Want to build your resume, make great connections, have real-world experiences, and leave college ready for a career? You need an internship! Sharise Kent has written the manual on internships and shares everything you need to know including how to find one, what to expect, and how to prepare.
About Sharise Kent
Author of “The Internship Manual: A Step-by-Step Guide to Getting the Internship of Your Dreams”.
This book explains why to do an internship, how to find one, and what to do once you get an internship. “It’s the manual. It’s walking you from A to Z and giving you what you need to understand in that process,” notes Kent.
Kent began her career as a college admission professional and then transitioned into a nonprofit and has helped over 400 students with internships.
Internship Defined and Explained
“An internship is supposed to be a learning experience,” expands Kent. A good internship is an opportunity to:
- Be mentored.
- Learn new skills.
- Expand your network.
- Explore a career from 8 to 12 weeks.
- Be professional.
- Experience an office.
- There is a different environment in an office that usually includes bigger goals.
It is an experience that will enhance education and let a student explore what makes them a great professional. This is different from a regular job because it is a training environment and not just for a paycheck.
“When you look for a college, you want to investigate the career services department as a whole,” recommends Kent. This doesn’t need to make or break your decision about a college, but it is certainly a positive to consider.
There are some career paths that integrate field experiences such as:
- Student Teaching
- Medical Professions
- Social Work
This is different from an internship because there isn’t much choice or exploration. These majors usually have required amounts of hours, or work, as part of completing that degree and entering the work force.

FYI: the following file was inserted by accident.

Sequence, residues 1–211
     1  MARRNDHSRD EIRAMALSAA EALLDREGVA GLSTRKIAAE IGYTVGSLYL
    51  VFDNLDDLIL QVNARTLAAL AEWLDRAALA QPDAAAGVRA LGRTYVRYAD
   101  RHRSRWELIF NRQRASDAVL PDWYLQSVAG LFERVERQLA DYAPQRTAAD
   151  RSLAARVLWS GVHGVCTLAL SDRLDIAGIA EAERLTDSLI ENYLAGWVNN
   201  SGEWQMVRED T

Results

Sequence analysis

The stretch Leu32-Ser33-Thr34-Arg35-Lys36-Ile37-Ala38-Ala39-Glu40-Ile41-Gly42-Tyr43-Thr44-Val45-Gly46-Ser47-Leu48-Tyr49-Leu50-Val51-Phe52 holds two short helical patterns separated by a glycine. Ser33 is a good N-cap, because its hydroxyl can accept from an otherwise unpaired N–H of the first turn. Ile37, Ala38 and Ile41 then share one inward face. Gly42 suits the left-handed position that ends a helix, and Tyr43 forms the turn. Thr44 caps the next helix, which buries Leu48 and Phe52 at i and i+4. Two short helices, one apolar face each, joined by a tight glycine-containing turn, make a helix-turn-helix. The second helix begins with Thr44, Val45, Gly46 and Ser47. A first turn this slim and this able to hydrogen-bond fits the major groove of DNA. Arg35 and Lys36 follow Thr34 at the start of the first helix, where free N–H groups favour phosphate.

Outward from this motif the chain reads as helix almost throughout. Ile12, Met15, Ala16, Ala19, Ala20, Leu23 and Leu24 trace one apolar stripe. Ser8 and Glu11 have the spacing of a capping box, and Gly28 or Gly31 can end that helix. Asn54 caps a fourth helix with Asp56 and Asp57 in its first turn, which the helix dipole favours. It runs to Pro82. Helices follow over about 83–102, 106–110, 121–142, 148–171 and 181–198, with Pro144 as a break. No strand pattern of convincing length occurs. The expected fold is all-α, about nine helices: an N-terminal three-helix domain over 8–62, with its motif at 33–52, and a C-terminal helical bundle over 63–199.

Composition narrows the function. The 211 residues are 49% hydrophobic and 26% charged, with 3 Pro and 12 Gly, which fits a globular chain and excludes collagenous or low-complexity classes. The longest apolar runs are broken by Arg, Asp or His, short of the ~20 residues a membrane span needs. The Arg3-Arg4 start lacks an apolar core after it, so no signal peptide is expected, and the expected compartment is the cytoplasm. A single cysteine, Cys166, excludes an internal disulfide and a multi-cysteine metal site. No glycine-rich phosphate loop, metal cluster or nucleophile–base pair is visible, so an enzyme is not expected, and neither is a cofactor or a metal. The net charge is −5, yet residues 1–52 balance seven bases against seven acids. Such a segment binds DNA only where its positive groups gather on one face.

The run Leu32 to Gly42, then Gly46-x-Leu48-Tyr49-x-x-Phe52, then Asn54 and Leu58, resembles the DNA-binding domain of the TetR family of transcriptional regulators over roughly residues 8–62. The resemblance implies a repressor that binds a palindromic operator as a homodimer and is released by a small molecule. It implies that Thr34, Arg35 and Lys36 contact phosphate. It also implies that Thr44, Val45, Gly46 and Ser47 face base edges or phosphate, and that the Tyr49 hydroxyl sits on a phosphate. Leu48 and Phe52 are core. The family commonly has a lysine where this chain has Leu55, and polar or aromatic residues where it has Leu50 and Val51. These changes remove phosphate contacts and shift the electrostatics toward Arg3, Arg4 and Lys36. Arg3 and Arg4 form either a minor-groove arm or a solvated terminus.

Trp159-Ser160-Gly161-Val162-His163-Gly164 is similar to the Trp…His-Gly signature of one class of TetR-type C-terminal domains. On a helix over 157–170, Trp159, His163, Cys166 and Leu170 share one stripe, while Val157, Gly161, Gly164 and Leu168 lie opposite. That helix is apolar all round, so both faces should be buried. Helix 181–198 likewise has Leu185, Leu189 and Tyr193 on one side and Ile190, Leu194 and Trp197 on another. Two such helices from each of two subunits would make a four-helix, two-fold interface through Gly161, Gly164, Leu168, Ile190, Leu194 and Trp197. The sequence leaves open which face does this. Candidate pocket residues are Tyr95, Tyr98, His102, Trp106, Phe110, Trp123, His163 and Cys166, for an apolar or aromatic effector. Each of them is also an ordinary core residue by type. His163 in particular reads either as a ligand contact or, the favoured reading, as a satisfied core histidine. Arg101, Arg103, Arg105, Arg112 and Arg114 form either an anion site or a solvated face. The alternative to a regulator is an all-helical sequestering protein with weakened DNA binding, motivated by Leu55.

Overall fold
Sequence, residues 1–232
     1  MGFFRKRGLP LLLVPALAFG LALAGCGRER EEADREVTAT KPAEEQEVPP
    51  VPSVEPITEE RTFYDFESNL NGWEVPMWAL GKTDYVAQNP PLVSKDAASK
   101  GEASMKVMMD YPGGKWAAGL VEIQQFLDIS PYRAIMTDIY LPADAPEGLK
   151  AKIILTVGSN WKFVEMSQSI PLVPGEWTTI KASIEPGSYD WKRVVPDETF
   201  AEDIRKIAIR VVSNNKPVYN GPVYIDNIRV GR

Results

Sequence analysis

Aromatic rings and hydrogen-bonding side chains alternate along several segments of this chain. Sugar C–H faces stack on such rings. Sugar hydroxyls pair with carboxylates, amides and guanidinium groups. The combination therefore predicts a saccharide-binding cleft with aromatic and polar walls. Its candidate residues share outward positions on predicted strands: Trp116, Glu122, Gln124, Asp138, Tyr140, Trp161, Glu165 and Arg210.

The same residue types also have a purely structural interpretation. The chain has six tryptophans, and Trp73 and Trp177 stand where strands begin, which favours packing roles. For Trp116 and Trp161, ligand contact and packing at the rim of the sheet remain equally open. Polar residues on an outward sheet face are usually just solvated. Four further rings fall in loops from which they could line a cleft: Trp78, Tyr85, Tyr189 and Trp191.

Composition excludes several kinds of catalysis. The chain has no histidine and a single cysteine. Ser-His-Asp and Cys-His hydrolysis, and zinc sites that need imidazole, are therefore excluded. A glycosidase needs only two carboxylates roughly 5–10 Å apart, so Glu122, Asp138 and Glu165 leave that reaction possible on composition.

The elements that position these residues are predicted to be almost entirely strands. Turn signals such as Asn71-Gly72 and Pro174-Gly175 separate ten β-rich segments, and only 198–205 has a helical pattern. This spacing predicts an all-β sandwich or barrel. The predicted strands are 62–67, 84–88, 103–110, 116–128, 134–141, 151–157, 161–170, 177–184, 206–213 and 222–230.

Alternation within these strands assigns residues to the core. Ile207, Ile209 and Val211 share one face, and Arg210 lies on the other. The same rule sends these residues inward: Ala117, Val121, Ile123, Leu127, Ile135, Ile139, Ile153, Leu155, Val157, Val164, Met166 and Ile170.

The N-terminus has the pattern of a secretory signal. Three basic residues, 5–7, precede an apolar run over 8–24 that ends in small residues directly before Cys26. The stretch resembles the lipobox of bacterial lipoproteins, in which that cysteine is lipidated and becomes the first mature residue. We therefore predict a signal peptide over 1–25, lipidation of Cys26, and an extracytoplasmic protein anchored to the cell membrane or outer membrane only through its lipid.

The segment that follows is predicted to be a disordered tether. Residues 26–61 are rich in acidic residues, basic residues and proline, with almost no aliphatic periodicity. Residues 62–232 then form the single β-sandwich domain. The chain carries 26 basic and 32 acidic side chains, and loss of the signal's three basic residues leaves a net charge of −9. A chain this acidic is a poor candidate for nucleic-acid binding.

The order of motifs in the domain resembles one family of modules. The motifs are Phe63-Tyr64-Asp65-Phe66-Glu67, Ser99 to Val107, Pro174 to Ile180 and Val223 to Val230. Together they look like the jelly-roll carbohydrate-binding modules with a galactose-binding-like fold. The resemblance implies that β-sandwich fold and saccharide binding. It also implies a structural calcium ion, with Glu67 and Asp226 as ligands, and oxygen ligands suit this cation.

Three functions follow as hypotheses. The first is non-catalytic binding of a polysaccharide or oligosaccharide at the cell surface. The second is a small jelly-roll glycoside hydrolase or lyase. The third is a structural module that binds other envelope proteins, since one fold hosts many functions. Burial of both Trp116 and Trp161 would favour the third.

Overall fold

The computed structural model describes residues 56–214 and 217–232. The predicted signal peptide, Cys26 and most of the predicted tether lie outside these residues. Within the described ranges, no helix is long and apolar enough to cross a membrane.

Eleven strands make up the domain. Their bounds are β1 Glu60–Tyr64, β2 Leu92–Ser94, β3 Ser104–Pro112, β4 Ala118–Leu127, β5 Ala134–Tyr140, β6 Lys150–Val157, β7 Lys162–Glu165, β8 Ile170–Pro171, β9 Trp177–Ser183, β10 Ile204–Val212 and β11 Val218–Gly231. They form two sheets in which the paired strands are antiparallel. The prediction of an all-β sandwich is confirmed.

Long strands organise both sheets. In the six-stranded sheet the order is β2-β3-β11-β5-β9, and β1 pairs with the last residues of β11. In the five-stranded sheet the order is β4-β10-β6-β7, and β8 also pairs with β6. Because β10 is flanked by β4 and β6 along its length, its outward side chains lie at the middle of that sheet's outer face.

Some internships require a portfolio or some classwork already completed, but it isn’t only for juniors and seniors! High school students can, and should, apply for internships.
“The culture is shifting and changing because employers are recognizing that if they can introduce young people to these types of careers as early as high school, they are going to introduce them to things they wouldn’t have majored in or would not have pursued careers in,” states Kent.
Kent strongly recommends looking into internships beginning as early as freshman year.
Doing an internship for course credit needs to be approved by your department or career services. Academic internships can usually earn 3 credits and often require a paper or project that shows evidence of learning.
Paid internships vary. Some companies give stipends, offer paid transportation, or regular pay starting at minimum wage or more. Typically you are treated just like an employee.
“The time to look for summer internships is November for the following summer,” warns Kent.
How to Pursue an Internship
There are 5 quick ways to find an internship:
- Ask around.
- Talk to EVERYONE.
- Parents can help by using their own network (where they work or through fraternity/sorority) and ask there.
- Go to your college’s Career Services.
- There is usually a free job/internship fair on campus.
- Don’t ignore small businesses or nonprofits.
- Walk in and just ask.
- Might not be for credit or money, but it will go on your resume.
- Online searches.
- Internship programs.
- You can find them online where you get paired with a company.
- Walk in and just ask.
“If you are doing all five of those diligently, you are going to find an internship,” assures Kent.
Prepare for an internship by having a good resume, do mock interviews, dress for success, and have a LinkedIn account.
Kent acknowledges, “There might be a $10 -$40 application fee, but as a nonprofit that is just to defray the cost.” For profit companies have a different system.
Internships away from home cost money for living. If it is paid, will that cover the cost of living or moving away for the summer? Transportation also needs to be considered when applying.
Career planning starts in high school. Internships are vital for experience and resume building. Kent points out, “Everybody who graduates college has a degree. Why should an employer hire you over that other person?”
More about “The Internship Manual”
Kent authored this book based on her experience and the experiences of some of the over 400 interns she helped placed. “I thought a lot about the things that students come to me with and tried to put those into the book,” describes Kent.
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Brad is not affiliated with Sharise Kent or The Internship Manual.